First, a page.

Gene Saks

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Gene Saks
Born Jean Michael Saks
(1921-11-08)November 8, 1921
New York City, New York, U.S.
Died March 28, 2015(2015-03-28) (aged 93)
East Hampton, New York, U.S.
Cause of death Pneumonia
Occupation American actor, stage/film director
Years active 1949–2015
Spouse(s) Bea Arthur
(m. 1950–1980; divorced; 2 children)
Keren Saks (1980–2015; his death; 1 child)

Gene Saks (Jean Michael Saks; November 8, 1921 – March 28, 2015) was an American stage and film director, and actor. An inductee of the American Theater Hall of Fame, his acting career beginning with a debut on Broadway in 1949. As a director, he was nominated for seven Tony Awards, winning three for his direction of I Love My Wife, Brighton Beach Memoirs and Biloxi Blues. He also directed a number of films during his career. He was married to Bea Arthur, who died in 2009, from 1950 until 1980, and subsequently to Keren Saks, from 1980 to his death in 2015.

Early life[edit]

Saks was born Jean Michael Saks in New York City, the son of Beatrix (née Lewkowitz) and Morris J. Saks.[1] He studied at Cornell University and trained for acting at the Dramatic Workshop of The New School in New York with the German director Erwin Piscator.

Career[edit]

Saks made his acting debut on Broadway in South Pacific in 1949. On stage he also appeared in A Shot in the Dark, The Tenth Man and A Thousand Clowns, in the role of Leo "Chuckles The Chipmunk" Herman, which he reprised in the film version. He portrayed Jack Lemmon's brother in the screen adaptation of Simon's The Prisoner of Second Avenue, and also appeared in Nobody's Fool starring Paul Newman.[2][3]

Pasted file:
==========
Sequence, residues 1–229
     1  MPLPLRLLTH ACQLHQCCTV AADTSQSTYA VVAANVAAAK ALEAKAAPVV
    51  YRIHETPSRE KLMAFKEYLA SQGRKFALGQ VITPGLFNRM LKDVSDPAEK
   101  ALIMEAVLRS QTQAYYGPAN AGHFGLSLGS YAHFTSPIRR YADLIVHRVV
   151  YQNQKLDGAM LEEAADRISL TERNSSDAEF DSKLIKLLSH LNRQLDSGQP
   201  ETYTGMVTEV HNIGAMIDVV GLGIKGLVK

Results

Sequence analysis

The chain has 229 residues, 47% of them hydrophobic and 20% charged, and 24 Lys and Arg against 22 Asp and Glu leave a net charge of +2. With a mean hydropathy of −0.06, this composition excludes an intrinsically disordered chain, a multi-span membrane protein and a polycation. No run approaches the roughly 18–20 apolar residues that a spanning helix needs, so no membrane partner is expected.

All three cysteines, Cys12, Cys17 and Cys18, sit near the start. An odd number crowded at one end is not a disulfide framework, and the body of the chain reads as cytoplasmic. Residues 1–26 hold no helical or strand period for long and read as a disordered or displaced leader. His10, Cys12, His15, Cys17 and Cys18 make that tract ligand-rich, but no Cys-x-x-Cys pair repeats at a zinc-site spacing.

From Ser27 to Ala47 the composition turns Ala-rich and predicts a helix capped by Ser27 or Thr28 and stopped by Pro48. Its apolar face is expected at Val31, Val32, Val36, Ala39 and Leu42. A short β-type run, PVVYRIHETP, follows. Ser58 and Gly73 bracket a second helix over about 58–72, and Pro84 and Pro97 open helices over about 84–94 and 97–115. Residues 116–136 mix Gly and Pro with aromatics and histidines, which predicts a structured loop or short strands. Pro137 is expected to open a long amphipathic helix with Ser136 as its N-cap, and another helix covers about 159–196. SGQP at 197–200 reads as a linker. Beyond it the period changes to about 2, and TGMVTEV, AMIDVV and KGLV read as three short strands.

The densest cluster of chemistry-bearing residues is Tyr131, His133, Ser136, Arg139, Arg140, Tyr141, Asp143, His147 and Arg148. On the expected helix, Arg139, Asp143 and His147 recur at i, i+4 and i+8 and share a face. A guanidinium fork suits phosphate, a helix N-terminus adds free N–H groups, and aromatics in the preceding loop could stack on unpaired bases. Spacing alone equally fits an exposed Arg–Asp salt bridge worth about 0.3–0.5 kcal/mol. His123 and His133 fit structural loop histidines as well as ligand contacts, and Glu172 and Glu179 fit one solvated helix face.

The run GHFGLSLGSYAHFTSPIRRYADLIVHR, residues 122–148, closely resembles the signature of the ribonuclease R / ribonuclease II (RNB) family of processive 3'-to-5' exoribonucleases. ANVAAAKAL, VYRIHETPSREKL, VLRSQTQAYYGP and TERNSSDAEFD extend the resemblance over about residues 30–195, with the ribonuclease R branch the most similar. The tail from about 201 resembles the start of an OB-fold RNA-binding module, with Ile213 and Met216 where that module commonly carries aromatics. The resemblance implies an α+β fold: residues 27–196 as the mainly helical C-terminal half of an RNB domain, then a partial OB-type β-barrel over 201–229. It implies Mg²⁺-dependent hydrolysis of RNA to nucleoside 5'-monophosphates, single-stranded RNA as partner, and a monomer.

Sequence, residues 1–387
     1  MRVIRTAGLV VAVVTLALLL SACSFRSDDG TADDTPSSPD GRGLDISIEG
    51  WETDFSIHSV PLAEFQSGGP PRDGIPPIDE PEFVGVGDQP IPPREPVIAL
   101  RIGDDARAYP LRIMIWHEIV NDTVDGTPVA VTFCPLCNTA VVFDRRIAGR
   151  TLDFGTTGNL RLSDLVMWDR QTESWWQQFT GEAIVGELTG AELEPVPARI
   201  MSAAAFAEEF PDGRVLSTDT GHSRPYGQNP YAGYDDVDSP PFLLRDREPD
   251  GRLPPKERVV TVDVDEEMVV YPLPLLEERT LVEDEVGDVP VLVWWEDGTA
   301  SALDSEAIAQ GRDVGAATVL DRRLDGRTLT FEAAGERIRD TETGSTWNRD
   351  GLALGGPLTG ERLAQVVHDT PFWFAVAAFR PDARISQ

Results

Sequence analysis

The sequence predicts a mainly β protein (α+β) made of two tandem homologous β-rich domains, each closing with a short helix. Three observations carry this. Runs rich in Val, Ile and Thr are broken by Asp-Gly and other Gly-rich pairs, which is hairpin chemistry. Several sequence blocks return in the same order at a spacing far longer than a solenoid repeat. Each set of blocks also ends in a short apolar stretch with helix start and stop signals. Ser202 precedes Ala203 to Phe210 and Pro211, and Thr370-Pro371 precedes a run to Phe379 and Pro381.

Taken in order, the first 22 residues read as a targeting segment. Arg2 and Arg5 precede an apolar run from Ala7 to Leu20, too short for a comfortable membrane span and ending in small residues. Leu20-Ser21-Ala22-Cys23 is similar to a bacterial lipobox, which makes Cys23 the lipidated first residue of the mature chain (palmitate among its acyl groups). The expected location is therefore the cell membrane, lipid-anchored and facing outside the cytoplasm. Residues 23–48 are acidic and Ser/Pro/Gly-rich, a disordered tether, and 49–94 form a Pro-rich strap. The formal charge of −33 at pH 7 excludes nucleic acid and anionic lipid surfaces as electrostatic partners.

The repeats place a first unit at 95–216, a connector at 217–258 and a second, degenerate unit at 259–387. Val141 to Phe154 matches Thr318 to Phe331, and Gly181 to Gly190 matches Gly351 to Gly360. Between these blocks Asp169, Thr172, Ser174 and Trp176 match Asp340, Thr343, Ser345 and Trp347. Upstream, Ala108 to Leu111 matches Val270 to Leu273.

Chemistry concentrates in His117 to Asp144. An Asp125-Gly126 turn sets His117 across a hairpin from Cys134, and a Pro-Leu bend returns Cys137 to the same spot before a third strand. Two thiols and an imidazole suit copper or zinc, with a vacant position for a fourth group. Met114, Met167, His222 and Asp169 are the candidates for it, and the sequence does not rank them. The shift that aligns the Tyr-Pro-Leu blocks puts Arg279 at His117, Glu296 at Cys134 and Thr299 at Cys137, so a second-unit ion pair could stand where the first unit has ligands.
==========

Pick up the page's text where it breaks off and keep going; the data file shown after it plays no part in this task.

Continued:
Saks shared a long-term professional association with playwright/comedy writer Neil Simon,[4] directing Simon's plays Biloxi Blues, Brighton Beach Memoirs, Jake's Women, Rumors, Lost in Yonkers, Broadway Bound, The Odd Couple and California Suite. His additional Broadway credits included Enter Laughing; Half a Sixpence; Nobody Loves an Albatross; Mame; I Love My Wife; Same Time, Next Year and Rags.

Among Saks' film directing credits were Barefoot in the Park, The Odd Couple, Cactus Flower (which won Goldie Hawn the Academy Award for Best Supporting Actress), Last of the Red Hot Lovers, Mame, Brighton Beach Memoirs, A Fine Romance, and the 1995 television production of Bye Bye Birdie.[2][3]

Personal life[edit]

Saks was married to fellow Actors Studio member, actress Bea Arthur,[5] from 1950 until 1980. The couple had two sons, by adoption. He also had a daughter by his second wife Keren Saks.[4] Saks succumbed to pneumonia at East Hampton residence on March 28, 2015 aged 93.[4]

Awards, nominations and honours[edit]

Awards

  • 1977 Tony Award for Best Direction of a Musical – I Love My Wife
  • 1983 Tony Award for Best Direction of a Play – Brighton Beach Memoirs
  • 1985 Tony Award for Best Direction of a Play – Biloxi Blues

Nominations

  • 1965 Tony Award for Best Direction of a Musical – Half a Sixpence
  • 1966 Tony Award for Best Direction of a Musical – Mame
  • 1969 DGA Award for Outstanding Directorial Achievement in a Movie – The Odd Couple
  • 1975 Drama Desk Award for Outstanding Director of a Play – Same Time, Next Year
  • 1975 Tony Award for Best Direction of a Play – Same Time, Next Year
  • 1977 Drama Desk Award for Outstanding Director of a Musical – I Love My Wife
  • 1985 Drama Desk Award for Outstanding Director of a Play – Biloxi Blues
  • 1987 Drama Desk Award for Outstanding Director of a Play – Broadway Bound
  • 1991 Tony Award for Best Direction of a Play – Lost in Yonkers

Honours

References[edit]

  1. ^ Gene Saks profile, FilmReference.com, accessed August 23, 2011.
  2. ^ a b Gene Saks at the Internet Broadway Database
  3. ^ a b Gene Saks at the Internet Movie Database
  4. ^ a b c Weber, Bruce (March 29, 2015). "Gene Saks, Tony-Winning Director of Neil Simon Hits, Dies at 93". New York Times. Retrieved March 29, 2015. 
  5. ^ Gene Saks/Beatrice Arthur at the University of Wisconsin's Actor Studio audio collection
  6. ^ "On Stage, and Off". New York Times. December 6, 1991. 

External links[edit]